THE WAR WITHOUT A NAME: France in Algeria, 1954-1962 by John Talbott

THE WAR WITHOUT A NAME: France in Algeria, 1954-1962

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KIRKUS REVIEW

The French war against Algerian guerrillas was in many ways comparable to the American war against Vietnam in its national divisiveness, the one big difference being the presence of French settlers in Algeria. As the subtitle hints, Talbott (History, Univ. of California, Santa Barbara) focuses less on the minutiae of the war (detailed in Alistair Horne's A Savage War of Peace) than on its impact on French political life. After a summary chapter on French colonialism in Algeria--which, unlike other colonies, was considered a part of France itself--and the lingering impact of the French defeat in Indochina, Talbott is able to make some sense of Pierre Mendes-France's Algerian policies. A man of the left chosen Prime Minister in order to extricate France from Vietnam, Mendes was unable to see Algeria in similar terms; Algeria, in the words of then-Interior Minister Mitterrand, was France. Mendes began the dual policy of fighting the guerrillas and attempting to reform the countryside (modernization would supposedly still Algerian discontent) which continued to be French policy under his successor, socialist Guy Mollet. Talbott crisply recounts the process by which these men of good will--we would call them liberals--launched a course of action that came to involve torture, assassination, and all the other evils of counter-insurgency so familiar to Americans. The French army in Algeria, and the settlers, came close to provoking a civil war in France, while the government attempted to stifle dissent. Just why, at this point, de Gaulle assumed office with the support of the right and then pulled France out of Algeria is still unknown; Talbott sees him as a modernizer who never intended to keep Algeria French, but merely worked to stay in power until his opponents were defeated and French concessions to the Algerians became possible. Less familiar overall than the role of the right is the opposition from the left--particularly the role of the Catholic left in protesting the use of torture. Ending with the war's end, Talbott doesn't take the opportunity to generalize on post-Algerian France, where the scars of Algeria still show among the left. A solid, significant review of the political machinations of an ambiguous war.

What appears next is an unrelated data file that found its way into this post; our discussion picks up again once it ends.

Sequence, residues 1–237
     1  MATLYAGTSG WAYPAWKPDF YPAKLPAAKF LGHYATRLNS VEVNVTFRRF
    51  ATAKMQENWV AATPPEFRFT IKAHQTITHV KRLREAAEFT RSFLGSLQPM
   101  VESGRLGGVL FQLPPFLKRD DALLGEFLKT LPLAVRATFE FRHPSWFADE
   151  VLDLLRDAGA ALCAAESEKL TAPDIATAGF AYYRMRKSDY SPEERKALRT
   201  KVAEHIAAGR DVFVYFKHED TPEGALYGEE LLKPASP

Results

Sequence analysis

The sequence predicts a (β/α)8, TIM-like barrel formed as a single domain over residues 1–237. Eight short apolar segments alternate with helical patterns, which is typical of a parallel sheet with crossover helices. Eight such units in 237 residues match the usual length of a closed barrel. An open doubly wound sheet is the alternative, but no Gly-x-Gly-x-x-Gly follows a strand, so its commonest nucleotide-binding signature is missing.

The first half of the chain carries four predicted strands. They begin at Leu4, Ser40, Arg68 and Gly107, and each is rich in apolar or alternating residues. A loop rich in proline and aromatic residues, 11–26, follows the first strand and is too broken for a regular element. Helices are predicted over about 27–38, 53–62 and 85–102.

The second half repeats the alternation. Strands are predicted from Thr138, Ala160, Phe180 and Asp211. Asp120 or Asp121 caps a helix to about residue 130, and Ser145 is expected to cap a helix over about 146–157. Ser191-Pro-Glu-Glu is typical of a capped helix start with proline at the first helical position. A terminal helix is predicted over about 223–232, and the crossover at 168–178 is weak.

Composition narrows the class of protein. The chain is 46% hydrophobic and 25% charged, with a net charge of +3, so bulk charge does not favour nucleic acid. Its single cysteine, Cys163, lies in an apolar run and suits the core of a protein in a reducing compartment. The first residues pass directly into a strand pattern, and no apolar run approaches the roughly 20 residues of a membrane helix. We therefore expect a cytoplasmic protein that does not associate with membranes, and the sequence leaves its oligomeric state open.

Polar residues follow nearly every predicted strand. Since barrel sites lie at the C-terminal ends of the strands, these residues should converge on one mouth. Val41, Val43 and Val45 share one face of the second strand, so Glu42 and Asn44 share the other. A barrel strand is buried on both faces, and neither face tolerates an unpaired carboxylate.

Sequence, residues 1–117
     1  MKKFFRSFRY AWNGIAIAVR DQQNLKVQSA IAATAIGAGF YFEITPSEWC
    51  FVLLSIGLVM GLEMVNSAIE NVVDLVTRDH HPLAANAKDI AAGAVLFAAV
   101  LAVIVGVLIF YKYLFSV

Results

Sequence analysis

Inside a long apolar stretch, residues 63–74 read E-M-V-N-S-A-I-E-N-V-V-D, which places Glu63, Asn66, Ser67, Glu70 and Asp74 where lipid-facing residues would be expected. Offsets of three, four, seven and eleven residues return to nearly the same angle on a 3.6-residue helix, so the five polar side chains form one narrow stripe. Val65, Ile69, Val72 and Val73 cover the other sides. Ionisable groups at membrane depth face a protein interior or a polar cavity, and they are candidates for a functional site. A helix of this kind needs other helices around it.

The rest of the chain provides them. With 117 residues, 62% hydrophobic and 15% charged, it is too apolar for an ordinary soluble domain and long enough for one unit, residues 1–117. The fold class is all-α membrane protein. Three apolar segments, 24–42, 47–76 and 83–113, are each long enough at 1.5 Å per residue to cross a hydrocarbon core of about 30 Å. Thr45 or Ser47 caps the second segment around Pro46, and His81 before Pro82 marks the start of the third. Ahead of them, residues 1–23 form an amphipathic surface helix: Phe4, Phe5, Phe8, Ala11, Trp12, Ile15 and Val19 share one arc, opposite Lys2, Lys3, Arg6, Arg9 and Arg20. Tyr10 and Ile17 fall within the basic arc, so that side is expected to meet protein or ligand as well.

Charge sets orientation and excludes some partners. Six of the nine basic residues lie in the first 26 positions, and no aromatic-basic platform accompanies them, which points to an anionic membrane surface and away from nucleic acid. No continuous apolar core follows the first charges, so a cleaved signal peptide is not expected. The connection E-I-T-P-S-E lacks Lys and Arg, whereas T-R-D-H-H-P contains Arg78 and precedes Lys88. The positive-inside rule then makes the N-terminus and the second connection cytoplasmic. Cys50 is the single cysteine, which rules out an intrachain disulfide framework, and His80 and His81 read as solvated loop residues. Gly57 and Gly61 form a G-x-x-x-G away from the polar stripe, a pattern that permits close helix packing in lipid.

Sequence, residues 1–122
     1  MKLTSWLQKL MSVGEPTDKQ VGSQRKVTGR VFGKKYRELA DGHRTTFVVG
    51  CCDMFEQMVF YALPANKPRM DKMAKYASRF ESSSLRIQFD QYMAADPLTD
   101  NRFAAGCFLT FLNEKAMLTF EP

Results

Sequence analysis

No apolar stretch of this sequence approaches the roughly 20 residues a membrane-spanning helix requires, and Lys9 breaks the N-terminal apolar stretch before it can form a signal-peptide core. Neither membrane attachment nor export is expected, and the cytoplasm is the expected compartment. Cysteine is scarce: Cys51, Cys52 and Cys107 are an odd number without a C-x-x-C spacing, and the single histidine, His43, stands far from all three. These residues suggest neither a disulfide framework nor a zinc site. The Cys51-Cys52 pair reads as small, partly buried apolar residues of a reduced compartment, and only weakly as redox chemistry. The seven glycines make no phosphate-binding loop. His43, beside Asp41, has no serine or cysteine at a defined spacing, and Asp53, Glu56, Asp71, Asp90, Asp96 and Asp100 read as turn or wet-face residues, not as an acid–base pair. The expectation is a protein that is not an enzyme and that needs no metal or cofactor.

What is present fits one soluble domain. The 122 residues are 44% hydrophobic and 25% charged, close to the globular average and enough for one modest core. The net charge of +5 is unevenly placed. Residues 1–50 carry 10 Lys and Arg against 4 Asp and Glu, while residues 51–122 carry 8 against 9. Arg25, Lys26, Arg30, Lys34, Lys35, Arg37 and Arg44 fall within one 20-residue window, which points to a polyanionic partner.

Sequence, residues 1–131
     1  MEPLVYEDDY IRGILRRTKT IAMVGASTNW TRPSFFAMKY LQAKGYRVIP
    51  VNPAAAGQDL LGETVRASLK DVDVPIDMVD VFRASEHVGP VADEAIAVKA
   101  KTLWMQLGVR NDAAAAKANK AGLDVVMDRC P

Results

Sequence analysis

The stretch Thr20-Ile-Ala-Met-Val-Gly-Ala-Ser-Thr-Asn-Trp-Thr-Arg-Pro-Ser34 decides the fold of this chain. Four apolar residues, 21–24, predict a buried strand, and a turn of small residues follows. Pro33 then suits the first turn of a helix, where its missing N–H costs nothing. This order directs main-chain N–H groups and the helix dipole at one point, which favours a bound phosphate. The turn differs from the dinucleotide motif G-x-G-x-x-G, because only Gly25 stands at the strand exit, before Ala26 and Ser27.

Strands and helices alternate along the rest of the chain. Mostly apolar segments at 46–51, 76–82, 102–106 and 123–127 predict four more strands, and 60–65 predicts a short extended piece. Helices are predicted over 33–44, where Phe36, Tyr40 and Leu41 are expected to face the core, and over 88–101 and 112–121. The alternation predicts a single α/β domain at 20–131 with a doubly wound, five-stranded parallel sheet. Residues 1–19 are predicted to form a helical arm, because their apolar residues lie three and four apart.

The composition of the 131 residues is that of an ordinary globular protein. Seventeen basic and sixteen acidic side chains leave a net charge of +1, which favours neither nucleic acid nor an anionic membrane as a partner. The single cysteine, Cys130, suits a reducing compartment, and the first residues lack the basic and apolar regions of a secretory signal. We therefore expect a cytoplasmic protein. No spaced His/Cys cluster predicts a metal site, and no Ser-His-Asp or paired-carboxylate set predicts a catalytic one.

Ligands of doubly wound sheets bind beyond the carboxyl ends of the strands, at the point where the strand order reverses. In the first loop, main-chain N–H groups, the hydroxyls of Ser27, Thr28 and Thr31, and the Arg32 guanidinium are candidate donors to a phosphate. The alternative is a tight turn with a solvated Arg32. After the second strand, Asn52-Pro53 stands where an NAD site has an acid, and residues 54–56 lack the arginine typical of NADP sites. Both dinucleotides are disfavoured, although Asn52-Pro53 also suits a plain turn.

Pub Date: Sept. 22nd, 1980
Publisher: Knopf